Staying in tune

Executive makes long trip from rock band to pension consulting

Paul Zeisler, named Chicago retirement practice leader at Buck Consultants earlier this year, came to his position via the world of progressive rock.

When he was 13, Mr. Zeisler and his boyhood friend, Howard Jones, formed the band Warrior in 1968 in High Wycombe, England, near London. The band became, as Mr. Zeisler put it in a telephone interview, “an interesting cross between (Emerson, Lake and Palmer) and Jethro Tull and Genesis.”

“We were very taken I'm afraid by very long pieces of music,” he said.

Mr. Zeisler originally played guitar but moved to bass when the band eliminated guitar as an instrument in the band and replaced it with flute.

The band played together for five years until Mr. Zeisler went to the University of Rochester, where he discovered a new love for mathematics.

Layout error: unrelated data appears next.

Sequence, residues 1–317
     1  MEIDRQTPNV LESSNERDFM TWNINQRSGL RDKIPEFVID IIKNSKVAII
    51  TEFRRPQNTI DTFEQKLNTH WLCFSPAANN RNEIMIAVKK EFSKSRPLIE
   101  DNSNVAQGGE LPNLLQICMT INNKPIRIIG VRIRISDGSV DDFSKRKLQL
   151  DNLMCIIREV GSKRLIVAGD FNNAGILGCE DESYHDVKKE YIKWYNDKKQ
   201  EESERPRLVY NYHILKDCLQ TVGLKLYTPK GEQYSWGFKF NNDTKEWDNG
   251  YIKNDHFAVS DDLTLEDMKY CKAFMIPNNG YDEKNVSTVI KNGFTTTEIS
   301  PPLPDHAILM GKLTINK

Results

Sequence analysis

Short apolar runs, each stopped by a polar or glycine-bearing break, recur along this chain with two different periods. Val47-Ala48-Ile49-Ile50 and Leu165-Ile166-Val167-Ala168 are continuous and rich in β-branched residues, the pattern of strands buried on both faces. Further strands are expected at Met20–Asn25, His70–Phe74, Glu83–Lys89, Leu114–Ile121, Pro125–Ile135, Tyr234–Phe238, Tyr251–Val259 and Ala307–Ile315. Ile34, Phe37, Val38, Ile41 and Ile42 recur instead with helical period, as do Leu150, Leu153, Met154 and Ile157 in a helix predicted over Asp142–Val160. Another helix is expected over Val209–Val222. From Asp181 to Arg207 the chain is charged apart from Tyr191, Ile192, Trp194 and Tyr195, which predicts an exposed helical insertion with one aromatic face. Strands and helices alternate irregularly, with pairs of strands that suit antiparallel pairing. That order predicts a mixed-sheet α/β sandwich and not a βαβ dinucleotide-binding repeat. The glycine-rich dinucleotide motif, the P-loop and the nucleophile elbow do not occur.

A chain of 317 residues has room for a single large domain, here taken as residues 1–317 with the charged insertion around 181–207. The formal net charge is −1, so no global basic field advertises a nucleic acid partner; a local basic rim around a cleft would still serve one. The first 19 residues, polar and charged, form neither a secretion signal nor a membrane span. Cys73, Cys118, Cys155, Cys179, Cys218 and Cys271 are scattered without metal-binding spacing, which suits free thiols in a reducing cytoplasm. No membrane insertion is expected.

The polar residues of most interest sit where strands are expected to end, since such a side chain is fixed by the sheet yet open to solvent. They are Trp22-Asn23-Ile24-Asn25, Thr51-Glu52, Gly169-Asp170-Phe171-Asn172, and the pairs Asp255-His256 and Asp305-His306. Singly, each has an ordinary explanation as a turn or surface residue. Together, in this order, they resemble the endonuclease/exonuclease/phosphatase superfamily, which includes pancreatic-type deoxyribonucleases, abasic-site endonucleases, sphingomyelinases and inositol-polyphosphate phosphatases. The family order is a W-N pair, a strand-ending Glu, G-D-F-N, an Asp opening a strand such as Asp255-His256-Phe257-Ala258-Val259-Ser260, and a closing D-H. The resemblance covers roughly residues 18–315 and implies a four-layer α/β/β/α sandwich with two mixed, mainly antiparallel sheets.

“I knew I liked to be a musician and knew I was a capable technician and that was different from somebody who really felt it,” he said, referring to his bandmate's incredible natural talent.

Howard Jones went on to a successful solo career with new-wave hits such as “No One is To Blame,” while Mr. Zeisler moved to Chicago in 1982 to run the retirement practice of Alexander and Alexander. He still plays guitar in his spare time today.

“It's another creative outlet, and the experience that I had in my teens so changed my life vis a vis music that I can't imagine that it will be anything but an integral part of my life,” Mr. Zeisler said.

This article originally appeared in the October 1, 2012 print issue as, "Executive makes long trip from rock band to pension consulting".